In January 1945, during the 2nd world-war, the Dutch resistance kills a collaborator in the street where the 12 year old Anton Steenwijk lives. The man was shot in front of his neighbors ... See full summary »
Derek de Lint,
Marc van Uchelen,
Monique van de Ven
Bankrobber Franck Adrien serves a prison sentence after successfully robbing a national bank, but before he gets caught he manages to hide the money and it's not just police that are ... See full summary »
With unerring curiousity and sensitivity, director Philbert portrays the difficulties and joys of being deaf, offering vivid portraits of people of all ages coping with and surmounting their challenges.
After two decades in prison Widmer, a former German RAF-terrorist, is released. He meets Valerie, his next door neighbour. The young woman tries to get her life back on track after she lost... See full summary »
USA has her SWAT, Japan has her Security Police, Brazil has her BOPE featured in Elite Squad, and as far as special police teams go, the French has got her GIGN (Groupe d'Intervention de la Gendarmerie Nationale) making it onto the big screen, and what more than to introduce them via a true, high profile aircraft hijacking of an Air France Airbus 300 plane in the year 1994 involving the supposed attempt of using a fuel laden aircraft as a missile targeted against a major city landmark, a chilling 7 years before a terrorist group managed to carry out this dastardly act on the soil of USA.
Those of us who had grown up playing the first person shooter game Counter-strike will be no strangers to the uniform of the GIGN, since it is one of the four outfits that you can select on your character profile if you choose to be on the side of the counter-terrorists. Director Julien Leclercq paid close attention to detail and began with literally a big bang to showcase the capabilities of the GIGN troopers, before saving up the real deal for the extended final act. But that's not to say that the film is a boring ride. On the contrary, Leclercq crafted a gripping tale that moves, probes and examines very quickly how things get to spiral out of control until the inevitable outcome, expertly handling three separate narrative threads running concurrently before finally converging into the titular battle onboard the narrow confines of an aircraft.
The first naturally comes from the perpetrators, the terrorists, their thought process and ruthless action in causing mass panic and fear to further their political cause. Here it's the GIA out to free two of their comrades in Algeria, or so it seems, and had taken an Air France plane at the airport as leverage. But the second thread, focused on Mélanie Bernier's Foreign Ministry analyst Carole in a very Jack Ryan-esque role whose research, insights and gut feel points to a very different strategy and objective adopted by the hijackers, and has to cut through the usual red tape in the administration to push her points through, at times too direct that it irks the brass. And the last narrative thread paints a rather personal picture of GIGN trooper Thierry (Vincent Elbaz), personifying the issues and concerns of those who put their lives on the line to protect strangers, at the risk of upsetting and disappointing their own family members even, who cannot reconcile why they do what they do.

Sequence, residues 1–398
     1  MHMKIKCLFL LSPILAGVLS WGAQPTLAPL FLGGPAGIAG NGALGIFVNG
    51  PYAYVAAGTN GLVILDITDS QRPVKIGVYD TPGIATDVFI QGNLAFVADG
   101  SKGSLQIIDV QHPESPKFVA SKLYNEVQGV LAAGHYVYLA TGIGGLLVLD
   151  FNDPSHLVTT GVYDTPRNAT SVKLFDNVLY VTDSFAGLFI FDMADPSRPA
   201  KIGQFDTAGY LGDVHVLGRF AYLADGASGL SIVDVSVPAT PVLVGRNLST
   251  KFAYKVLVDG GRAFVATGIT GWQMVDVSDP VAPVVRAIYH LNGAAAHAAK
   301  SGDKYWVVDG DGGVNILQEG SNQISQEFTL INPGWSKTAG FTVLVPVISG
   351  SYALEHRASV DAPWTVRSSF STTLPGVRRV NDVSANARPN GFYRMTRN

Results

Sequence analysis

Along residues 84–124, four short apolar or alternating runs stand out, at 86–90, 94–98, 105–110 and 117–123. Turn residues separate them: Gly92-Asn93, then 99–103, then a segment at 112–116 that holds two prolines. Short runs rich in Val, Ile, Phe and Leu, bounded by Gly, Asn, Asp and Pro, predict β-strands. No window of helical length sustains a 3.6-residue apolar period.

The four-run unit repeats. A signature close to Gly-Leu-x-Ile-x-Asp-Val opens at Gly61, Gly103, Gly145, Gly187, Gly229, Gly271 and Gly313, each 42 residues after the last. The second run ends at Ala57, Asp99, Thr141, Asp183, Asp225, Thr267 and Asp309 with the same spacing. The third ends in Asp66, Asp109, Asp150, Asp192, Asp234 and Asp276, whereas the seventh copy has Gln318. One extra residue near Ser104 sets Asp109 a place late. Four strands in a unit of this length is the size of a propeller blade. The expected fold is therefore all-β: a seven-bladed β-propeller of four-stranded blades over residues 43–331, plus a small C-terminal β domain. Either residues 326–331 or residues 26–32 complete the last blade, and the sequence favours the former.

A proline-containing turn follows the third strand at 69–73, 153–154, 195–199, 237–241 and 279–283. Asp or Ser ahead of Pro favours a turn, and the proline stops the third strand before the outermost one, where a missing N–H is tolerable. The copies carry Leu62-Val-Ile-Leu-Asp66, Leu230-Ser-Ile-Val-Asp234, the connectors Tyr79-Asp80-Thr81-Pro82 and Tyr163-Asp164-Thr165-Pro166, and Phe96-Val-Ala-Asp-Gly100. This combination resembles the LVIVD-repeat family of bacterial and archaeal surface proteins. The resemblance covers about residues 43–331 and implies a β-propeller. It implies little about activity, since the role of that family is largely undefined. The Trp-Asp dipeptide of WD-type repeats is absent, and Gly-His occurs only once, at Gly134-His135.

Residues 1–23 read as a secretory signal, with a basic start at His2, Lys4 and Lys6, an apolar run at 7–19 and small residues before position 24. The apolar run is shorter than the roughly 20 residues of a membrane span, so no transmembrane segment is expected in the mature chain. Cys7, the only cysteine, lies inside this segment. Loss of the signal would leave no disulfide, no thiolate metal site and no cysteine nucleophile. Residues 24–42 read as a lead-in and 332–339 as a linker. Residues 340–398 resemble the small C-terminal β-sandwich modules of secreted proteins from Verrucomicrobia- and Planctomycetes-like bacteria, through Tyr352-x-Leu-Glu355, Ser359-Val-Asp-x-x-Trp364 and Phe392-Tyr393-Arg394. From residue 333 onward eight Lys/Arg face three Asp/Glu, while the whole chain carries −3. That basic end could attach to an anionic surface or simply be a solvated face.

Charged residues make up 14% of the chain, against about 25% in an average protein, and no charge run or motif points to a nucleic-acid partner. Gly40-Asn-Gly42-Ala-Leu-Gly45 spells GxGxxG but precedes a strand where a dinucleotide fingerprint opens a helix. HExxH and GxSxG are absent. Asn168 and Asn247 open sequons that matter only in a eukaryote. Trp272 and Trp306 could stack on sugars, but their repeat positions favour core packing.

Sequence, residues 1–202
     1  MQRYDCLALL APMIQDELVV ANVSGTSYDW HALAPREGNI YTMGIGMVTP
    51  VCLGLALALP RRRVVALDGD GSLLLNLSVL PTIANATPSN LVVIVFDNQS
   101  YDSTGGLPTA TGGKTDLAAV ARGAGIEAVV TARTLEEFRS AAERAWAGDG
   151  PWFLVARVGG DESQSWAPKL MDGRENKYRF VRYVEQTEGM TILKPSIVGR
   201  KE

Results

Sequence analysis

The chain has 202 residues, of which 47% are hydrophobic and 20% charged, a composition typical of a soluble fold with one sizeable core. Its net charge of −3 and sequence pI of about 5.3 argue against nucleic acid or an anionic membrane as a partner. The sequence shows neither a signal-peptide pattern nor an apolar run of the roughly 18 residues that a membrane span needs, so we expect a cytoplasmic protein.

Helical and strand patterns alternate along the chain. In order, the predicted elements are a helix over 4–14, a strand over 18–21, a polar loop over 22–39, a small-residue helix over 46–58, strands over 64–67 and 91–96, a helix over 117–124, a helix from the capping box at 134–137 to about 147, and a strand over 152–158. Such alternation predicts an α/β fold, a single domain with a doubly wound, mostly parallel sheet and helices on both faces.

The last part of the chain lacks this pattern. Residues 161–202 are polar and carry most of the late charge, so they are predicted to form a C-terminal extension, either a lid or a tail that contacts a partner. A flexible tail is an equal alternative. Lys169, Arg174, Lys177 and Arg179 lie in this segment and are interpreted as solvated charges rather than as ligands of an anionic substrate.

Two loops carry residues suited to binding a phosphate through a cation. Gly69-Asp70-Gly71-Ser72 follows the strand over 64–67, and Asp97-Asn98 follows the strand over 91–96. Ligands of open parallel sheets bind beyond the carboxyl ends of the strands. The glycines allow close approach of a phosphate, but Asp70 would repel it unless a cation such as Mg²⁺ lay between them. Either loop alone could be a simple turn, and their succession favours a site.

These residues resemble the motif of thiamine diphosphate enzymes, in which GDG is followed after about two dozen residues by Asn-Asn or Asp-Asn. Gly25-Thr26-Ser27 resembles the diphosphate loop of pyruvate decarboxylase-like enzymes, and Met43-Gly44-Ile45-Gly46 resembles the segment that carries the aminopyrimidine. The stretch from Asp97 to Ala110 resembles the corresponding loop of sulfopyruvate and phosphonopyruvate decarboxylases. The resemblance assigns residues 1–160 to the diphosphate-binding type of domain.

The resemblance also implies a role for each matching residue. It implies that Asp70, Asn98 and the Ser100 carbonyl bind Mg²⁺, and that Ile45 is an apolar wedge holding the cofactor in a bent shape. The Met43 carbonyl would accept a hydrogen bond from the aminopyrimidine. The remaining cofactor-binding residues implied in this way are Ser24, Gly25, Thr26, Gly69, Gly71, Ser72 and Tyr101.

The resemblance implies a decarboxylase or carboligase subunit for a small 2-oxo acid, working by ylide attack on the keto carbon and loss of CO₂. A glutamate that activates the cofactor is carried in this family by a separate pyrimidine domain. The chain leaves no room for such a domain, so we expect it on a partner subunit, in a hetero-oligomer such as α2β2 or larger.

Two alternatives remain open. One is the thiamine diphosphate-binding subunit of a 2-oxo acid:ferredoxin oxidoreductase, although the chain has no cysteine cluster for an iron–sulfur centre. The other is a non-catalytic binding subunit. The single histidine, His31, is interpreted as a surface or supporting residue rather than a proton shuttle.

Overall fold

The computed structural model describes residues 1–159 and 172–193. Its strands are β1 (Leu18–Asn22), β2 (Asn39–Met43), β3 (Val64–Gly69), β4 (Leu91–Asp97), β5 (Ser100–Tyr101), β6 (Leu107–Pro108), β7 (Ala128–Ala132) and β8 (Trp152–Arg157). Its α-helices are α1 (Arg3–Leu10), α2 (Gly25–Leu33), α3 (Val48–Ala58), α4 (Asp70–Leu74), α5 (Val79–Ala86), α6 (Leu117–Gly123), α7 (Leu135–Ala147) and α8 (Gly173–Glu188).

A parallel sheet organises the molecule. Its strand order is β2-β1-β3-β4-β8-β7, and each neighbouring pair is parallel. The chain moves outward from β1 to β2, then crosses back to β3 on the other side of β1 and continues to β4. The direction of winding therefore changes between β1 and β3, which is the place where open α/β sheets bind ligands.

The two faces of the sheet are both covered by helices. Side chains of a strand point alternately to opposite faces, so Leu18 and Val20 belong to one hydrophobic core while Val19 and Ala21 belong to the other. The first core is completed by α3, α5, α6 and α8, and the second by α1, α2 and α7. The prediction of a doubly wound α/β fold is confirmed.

Technically, the film has fantastically strained its colour palette, making it very close to black and white, which I thought suited it fine since it's actually loosely referencing events from history (with the dramatic license for it too I hope) like a documentary, akin to accessing vague memory banks or like watching a news reel unspool - some of the clips that the characters watch from television were the real deal at the time. Then there is the choice of adopting the shaky cam. Now I'm not a proponent for this camera technique because more often than not it gets exploited by the filmmakers to cover up flaws in their work, and am finding it tiring as an audience to try and follow events on screen when the camera moves about almost all the time. It's not to say it cannot be used, because The Assault did it nicely that fit the narrative well, transmitting that sense of urgency and constant danger, helped by a pulsating soundtrack by Jean-Jacques Hertz and Francois Roy.
What made this film excel amongst its peers are the sensitive stories and characters involved in a life and death situation, with viewpoints presenting both in macro and micro terms, the latter allowing you to feel for the characters since it's set up very carefully to allow for empathy. Leclercq does not pull his punches in vilifying the evil doers, with powerful scenes both to evoke a sense of hatred for the senseless violence they preach, and in one potent scene involving a terrorist having to face up to his parents, allowed that slight sliver of sympathy that they are but pawns manipulated by others. It's a little pity though that the socio-political context of the incident isn't covered in the film in detail which may leave some perplexed, and while it may rob The Assault of its pace, may probably enhance the viewer's understanding of the conflict that existed.
As far as police thrillers go, The Assault scores high on both action and drama, providing that unique combination very rarely seen in action films, that allows you to feel for the characters, and appreciate the unenviable task of the special forces in the respective countries constantly training and prepping to deter any would be aggressors, but when the time calls for it, to swing into action unflinchingly. Tactics and weapons on display in the film also provides ample fuel for fruitful post screening discussions. Definitely one of my favourite films this year!
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